• Stock Spirits’ dispute with Western Gate, its biggest shareholder, has intensified with both parties releasing separate RNSs yesterday. The Stock Spirits board has suggested that Western Gates suffers from a conflict of interest as a result of its Eurocash business being the company’s largest customer, and is looking to exercise undue influence over Stock with the recommendation of its two potential non-executive directors.
• Luis Amaral responded pointedly to the statement, however, saying: ‘Stock Spirits’ statement today reflects their tendency to blame other people for the trouble they find themselves in. They need to spend less time sitting remotely from their business making accusations, and more time turning around their core Polish business to deliver shareholder value for all. For example, they say that I have an “overriding” conflict arising from my position at Eurocash, but chose to ignore perhaps that Stock makes up just 3% of Eurocash revenues and a negligible contribution to profit.’
• A poll of AVLP members has found that 33% believe the impact of the MRO is the biggest risk facing the pub sector. Other risks include lack of funding (20%), potential rent increases from landlords (13%), and the cost of alcohol in the off trade (10%).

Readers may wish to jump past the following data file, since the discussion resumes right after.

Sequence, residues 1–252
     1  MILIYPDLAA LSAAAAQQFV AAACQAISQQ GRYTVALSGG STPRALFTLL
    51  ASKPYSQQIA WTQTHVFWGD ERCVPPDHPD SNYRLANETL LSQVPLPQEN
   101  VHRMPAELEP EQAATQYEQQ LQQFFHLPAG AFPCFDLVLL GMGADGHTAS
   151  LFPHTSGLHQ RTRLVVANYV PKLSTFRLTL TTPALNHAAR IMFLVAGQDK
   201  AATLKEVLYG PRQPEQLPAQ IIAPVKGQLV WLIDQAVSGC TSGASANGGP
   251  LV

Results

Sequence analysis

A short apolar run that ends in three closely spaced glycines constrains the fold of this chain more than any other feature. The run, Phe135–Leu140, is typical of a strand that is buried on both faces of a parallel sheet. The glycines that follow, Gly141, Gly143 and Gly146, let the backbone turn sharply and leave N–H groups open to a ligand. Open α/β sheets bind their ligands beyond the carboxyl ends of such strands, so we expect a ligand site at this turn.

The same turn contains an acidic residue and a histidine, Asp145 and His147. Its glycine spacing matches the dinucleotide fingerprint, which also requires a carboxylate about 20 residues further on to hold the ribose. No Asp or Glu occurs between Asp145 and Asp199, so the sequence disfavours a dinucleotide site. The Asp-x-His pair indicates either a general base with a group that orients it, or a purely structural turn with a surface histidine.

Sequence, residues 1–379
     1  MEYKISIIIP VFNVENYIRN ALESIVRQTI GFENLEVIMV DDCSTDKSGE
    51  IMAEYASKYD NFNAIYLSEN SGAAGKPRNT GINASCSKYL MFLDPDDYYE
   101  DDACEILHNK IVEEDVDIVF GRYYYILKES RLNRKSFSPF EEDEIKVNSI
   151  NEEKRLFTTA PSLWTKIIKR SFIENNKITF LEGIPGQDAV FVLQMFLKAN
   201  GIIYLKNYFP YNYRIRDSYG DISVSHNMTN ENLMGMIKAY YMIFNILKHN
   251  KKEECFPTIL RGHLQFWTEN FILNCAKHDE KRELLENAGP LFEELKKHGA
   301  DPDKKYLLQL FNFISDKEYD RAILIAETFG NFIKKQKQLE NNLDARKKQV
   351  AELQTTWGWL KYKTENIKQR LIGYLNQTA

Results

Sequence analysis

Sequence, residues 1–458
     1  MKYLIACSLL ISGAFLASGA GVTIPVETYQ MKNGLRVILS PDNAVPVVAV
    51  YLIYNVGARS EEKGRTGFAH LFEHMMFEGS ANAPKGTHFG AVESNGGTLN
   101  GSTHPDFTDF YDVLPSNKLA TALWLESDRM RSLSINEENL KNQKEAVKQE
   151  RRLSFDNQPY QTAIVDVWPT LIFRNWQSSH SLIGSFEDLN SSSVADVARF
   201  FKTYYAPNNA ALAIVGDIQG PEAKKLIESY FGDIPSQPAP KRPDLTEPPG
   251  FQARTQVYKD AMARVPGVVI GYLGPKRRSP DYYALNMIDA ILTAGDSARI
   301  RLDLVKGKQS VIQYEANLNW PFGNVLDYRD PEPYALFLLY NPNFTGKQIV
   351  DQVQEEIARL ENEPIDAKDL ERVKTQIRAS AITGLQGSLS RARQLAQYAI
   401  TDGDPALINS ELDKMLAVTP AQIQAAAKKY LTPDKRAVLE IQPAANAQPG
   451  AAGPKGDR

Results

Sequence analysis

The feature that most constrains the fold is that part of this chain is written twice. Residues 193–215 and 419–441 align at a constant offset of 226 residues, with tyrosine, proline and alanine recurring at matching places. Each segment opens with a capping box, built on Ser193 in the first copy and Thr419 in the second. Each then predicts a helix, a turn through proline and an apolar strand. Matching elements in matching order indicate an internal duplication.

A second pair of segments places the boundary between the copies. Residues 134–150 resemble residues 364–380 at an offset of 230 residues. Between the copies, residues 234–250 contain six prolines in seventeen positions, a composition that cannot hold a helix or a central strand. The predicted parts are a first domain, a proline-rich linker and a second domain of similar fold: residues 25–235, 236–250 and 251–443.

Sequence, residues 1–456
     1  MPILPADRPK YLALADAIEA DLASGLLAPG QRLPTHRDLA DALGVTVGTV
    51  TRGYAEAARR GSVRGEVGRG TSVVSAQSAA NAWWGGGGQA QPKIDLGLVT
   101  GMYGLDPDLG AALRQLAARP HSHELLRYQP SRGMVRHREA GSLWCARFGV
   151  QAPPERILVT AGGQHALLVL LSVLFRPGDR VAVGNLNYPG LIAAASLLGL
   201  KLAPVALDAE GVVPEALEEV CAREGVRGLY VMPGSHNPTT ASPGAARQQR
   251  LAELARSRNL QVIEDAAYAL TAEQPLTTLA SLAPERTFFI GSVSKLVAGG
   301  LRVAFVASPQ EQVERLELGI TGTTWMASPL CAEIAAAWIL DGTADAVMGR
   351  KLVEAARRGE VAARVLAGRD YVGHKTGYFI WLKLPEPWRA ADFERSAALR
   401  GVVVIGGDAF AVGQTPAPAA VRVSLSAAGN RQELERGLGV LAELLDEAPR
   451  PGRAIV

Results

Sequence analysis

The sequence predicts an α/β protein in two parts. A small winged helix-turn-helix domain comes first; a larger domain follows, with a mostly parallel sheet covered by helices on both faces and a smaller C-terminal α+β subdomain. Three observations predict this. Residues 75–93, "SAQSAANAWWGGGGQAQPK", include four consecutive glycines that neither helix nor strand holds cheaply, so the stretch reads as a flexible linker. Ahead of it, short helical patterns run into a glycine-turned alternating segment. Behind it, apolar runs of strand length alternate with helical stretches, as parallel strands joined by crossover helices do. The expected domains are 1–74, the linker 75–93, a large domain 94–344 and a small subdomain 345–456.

• The Pub Governing Body has announced that Poppleston Allen partner James Anderson has been appointed as its new Chairman of the PICA-Service.
• Remy Cointreau’s full year sales rose 9% to just over €1bn, with organic growth of 3% thanks to solid performances in the Americas and EMEA. The drinks producer also noted ‘improving trends’ in Asia in the second half of the year.
• The amount of domestic short breaks in the UK is set to increase this year as a result of greater safety fears over travelling abroad. A total of 73% of the 1,000 respondents participating in BDRC Continental’s latest Holiday Trends survey said they would take a short break of less than four nights in the UK. Wellness breaks and experiential holidays are increasingly popular, particularly with those aged between 18-34.
• Yahoo has posted a $99m quarterly loss and revenues were limited to an 11.6% drop to $1.08bn, as the group seeks offers for its core internet arm. Yahoo’s chief executive Marissa Mayer said in a statement: ‘Our 2016 plan is off to a solid start as we continue to focus on driving efficiency, lowering costs, and improving long-term growth. In tandem, we made substantial progress towards potential strategic alternatives for Yahoo.’
FINANCE & MARKETS:
• World markets: UK & Europe up yesterday, US also stronger. Far East mostly down in Wednesday trade
• Oil price up over last day but falling at present. Price around $43.20 per barrel
• Bank Governor Mark Carney has suggested that Britain’s economy could struggle to grow if it were to leave the EU